“Freud…saw the tendency to repeat as as attempt to avoid anxiety and internal distress. He explained that repetition is enacted as a defense against remembering. If the traumatic event is externalized through some form of repetition, then the anxiety that will inevitably arise if the meaning of the event is considered and consciously examined is lessened. Freud thus theorized that repeating is a way to avoid remembering.”
By repetition, he is referring to “an organic compulsion … [for]…how the germ of a living animal is obliged in the course of its development to recapitulate…the structures of all the forms from which it sprung” (Freud, Beyond the Pleasure Principle, p. 37; in Conforti, p. 6).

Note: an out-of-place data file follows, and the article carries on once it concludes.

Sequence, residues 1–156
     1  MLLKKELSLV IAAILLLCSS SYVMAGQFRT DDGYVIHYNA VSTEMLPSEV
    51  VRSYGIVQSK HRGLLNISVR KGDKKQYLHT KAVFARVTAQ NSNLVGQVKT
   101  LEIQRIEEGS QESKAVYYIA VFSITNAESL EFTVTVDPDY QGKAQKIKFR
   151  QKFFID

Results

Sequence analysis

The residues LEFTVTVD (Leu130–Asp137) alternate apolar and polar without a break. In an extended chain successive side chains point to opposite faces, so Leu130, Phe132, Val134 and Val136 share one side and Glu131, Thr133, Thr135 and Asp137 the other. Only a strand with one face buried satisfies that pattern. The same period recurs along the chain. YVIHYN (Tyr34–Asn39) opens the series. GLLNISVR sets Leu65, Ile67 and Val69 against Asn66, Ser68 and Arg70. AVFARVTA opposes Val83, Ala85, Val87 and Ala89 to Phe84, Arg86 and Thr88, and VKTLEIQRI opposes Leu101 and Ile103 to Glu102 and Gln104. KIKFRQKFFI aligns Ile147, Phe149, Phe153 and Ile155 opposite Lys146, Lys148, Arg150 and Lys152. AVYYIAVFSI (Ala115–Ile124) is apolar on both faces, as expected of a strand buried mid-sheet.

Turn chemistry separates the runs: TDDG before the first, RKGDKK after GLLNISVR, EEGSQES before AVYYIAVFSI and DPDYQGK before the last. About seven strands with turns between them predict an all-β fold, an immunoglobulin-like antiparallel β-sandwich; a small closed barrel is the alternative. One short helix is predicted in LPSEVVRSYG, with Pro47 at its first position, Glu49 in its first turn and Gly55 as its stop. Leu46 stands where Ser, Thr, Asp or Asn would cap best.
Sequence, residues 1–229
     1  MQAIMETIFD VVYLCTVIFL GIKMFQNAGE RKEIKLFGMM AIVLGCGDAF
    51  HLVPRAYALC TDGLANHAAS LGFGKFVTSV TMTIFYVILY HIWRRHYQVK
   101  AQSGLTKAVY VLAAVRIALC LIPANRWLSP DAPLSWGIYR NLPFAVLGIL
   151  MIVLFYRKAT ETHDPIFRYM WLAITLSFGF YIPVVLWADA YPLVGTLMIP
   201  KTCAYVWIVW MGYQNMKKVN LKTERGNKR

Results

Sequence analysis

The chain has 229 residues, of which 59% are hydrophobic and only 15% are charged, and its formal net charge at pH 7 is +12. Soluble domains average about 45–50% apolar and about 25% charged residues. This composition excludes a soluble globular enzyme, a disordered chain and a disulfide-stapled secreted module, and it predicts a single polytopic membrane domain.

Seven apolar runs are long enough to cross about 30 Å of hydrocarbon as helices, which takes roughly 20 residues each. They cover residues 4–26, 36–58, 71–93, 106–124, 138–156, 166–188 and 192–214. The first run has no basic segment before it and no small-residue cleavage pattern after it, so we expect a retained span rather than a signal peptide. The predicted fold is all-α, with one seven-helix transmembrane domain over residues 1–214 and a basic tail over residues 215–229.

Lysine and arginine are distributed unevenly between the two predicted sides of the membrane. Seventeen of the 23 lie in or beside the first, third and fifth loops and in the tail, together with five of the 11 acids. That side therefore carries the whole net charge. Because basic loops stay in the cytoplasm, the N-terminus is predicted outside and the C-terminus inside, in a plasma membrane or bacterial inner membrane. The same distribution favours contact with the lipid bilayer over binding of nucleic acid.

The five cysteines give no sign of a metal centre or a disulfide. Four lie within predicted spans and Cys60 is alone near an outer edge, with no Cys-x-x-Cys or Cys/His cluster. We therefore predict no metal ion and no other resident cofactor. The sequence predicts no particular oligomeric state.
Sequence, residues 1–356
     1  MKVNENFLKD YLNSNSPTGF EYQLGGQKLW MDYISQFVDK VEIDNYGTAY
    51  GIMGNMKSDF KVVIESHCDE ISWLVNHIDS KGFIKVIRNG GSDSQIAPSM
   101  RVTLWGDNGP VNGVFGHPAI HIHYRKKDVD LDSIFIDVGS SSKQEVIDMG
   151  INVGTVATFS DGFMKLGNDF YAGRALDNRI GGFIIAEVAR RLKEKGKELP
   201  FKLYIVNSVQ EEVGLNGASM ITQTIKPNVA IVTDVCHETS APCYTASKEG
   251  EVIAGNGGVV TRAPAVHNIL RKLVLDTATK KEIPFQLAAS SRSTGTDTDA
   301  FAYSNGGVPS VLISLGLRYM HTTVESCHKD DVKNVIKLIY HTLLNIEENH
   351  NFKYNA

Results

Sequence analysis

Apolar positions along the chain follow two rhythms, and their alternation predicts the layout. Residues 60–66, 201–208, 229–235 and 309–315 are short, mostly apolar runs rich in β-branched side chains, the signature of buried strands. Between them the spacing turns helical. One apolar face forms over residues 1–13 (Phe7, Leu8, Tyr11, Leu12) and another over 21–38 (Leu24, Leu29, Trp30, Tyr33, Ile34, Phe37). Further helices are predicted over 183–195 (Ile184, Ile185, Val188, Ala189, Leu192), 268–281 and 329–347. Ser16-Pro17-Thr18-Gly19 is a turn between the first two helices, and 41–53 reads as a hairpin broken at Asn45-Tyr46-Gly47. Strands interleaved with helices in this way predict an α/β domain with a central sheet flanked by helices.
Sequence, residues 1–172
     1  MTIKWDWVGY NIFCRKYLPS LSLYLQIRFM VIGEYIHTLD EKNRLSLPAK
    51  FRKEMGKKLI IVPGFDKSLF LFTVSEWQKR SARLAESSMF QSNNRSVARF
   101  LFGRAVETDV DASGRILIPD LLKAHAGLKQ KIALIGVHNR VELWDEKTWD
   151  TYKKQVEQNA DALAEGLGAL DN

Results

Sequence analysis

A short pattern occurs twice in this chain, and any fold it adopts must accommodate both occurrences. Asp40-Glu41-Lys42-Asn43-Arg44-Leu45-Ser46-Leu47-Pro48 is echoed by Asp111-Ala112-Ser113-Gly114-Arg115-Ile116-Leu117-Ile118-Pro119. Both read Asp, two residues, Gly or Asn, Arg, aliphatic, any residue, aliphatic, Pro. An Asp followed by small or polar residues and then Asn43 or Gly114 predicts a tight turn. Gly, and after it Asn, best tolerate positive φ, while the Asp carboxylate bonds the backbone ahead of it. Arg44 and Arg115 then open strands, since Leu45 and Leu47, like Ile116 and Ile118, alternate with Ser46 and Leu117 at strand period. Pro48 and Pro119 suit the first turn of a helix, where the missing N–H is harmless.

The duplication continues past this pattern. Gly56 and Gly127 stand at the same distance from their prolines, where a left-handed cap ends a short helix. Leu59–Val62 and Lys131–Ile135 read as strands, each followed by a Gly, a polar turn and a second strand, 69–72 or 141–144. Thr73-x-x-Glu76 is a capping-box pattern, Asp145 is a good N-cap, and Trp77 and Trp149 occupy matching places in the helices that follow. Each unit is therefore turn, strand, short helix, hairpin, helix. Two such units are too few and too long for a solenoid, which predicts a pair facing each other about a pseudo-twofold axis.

This includes the individual life, how adults reenact the patterns of relationships in the family of origin; and also in groups (I think!) as in the moment of leverage for change presented by a problematic moment. This is what Billig refers to as dialogic repression. Conforti rejects social constructionism though, arguing for the presence of an a priori archetypal impulse in the psyche that each person is unavoidably riven to: he takes the psyche itself as a pre-given thing. His argument will proceed, I think, along the lines of evidence of tension between the nature of the archetype seeking to express itself (energy intending toward form) and … something else – what?
From Field, Form, and Fate: Patterns in Mind, Nature, & Psyche by Michael Conforti.

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